BARSTOW, Calif. --
As part of the Commandant of the Marine Corps’ Force Design 2030, nearly 200 M1A1 Abrams Tanks, M-88 Recovery Vehicles, and Armored Vehicle Launched Bridges are moving through Marine Corps Logistics Base Barstow, California throughout this month.
“The tanks currently assigned to 1st Marine Division, Exercise Support Division, Marine Corps Air Ground Combat Center 29 Palms, Marine Forces Reserve and Logistics Command,” said Chad Hildebrandt, Railway Operations supervisor for the base. “They are all being consolidated here at MCLB Barstow for further movement to U.S. Army Depots at Sierra Army Depot in Herlong, California, and to Anniston Army Depot in Aniston, Alabama.”
The movement is being conducted as part of the new United States Marine Corps Force Design 2030 guidance published by General David H. Berger, Commandant of the Marine Corps, March 2020. The 15-page document outlines a plan to modernize the Marine Corps in accordance with the National Defense Strategy, and doing so within the financial means available. It is also being conducted with respect for the history of the Corps.
Keeping fiscal restraints in mind, part of the Commandant’s directive was to use the more efficient and less expensive transport method for moving all of the equipment.
“The Commandant’s guidance was to leverage rail as the primary transportation mode for this divestment where it makes sense.” Chad Hildebrandt, MCLB Barstow Railway Operations supervisor
“Installations such as Camp Lejeune, North Carolina, Blount Island Command, Jacksonville, Florida, and Marine Corps Logistics Base Albany, Georgia will most likely be shipping their tanks by rail, as well," Hildebrandt said. "Smaller locations that house tanks for MARFORRES will be making individual decisions based off of rail versus commercial truck use cost analysis.”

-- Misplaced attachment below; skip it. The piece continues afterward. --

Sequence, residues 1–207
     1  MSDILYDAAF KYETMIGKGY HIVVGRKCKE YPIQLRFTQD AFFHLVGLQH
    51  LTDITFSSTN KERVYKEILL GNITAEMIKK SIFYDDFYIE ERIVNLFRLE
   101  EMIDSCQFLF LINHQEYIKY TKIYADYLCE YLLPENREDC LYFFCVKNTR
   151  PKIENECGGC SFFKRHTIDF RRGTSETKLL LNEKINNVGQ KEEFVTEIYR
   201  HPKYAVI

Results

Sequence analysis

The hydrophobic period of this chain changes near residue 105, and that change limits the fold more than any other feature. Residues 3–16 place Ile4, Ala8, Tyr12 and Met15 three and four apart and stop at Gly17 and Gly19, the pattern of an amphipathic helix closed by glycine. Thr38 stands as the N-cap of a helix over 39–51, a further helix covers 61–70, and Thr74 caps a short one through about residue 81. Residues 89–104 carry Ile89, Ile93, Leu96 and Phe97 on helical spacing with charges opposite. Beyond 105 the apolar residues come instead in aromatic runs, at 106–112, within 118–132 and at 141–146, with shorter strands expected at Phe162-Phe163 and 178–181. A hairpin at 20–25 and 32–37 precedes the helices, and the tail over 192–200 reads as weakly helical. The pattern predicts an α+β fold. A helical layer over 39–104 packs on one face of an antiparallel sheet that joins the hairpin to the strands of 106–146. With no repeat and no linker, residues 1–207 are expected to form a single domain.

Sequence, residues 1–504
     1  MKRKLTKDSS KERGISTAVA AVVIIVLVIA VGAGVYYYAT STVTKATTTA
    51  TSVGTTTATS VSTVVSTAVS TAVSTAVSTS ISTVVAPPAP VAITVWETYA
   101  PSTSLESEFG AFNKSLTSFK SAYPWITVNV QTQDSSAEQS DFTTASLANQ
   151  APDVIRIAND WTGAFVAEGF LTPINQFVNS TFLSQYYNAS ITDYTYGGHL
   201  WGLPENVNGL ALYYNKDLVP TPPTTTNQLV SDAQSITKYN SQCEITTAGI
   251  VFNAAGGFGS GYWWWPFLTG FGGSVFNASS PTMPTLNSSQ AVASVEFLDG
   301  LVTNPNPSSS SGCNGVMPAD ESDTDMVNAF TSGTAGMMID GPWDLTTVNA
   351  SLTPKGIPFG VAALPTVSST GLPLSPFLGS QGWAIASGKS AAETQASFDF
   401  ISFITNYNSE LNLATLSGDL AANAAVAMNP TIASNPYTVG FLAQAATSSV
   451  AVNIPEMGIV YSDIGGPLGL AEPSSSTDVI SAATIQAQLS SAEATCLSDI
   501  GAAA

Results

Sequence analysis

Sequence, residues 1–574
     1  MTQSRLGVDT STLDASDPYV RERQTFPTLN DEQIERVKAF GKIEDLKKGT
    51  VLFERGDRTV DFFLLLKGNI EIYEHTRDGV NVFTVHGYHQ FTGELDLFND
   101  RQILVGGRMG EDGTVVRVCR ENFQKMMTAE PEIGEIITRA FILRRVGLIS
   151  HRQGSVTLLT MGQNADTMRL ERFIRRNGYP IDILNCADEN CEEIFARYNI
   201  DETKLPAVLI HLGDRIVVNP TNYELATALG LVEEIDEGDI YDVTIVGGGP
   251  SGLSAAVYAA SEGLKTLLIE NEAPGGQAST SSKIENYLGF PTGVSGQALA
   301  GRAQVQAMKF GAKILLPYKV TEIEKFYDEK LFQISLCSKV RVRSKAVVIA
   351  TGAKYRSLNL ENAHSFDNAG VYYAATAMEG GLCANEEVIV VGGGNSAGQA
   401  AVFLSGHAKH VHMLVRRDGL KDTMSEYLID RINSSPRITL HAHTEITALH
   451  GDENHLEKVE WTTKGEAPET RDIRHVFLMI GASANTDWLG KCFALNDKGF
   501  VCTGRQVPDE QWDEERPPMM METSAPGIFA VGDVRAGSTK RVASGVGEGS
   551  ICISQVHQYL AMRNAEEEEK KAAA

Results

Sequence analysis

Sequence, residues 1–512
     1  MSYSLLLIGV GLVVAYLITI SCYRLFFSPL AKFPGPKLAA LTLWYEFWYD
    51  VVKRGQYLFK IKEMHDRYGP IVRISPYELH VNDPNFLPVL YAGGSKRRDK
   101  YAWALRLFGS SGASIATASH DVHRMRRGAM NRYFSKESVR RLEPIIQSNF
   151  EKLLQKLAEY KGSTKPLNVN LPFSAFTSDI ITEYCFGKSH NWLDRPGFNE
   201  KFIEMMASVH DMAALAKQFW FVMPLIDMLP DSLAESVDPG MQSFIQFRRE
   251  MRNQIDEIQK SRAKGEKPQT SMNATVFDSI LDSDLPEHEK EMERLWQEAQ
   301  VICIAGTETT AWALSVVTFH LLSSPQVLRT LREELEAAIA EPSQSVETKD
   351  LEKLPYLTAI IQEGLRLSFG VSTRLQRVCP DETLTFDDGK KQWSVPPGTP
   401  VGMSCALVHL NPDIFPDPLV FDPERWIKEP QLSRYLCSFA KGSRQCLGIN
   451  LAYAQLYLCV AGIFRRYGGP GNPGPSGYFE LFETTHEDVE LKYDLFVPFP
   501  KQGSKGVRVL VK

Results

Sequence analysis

The tanks arrive from their various locations to MCLB Barstow by commercial line haul carriers. Once they arrive here, the Railhead Operations Group staff receives the tanks and verifies all documentation and shipping labels are accurate.
“Once that’s done, the tanks are immediately loaded onto railcars,” Hildebrandt said. “We have Marines from several units here to assist with the offload, on load, and securement of the equipment. The loaded cars will be stored on base until we have all tanks loaded and secured, then they will all ship out to the Army at the same time.”
Marines supporting the RHOG movements and controls are from various units to include:
• Combat Logistics Battalion 11
• 1st Battalion 5th Marines
• 1st Tanks
• 1st Battalion 1st Marines
• 1st Marine Division.
As the Marine Corps changes from using the heavier tanks and M88s, there is a focus to increase capacities in other areas, such as Rocket Artillery Batteries, Light Armored Reconnaissance companies and active component unmanned aerial vehicle squadrons.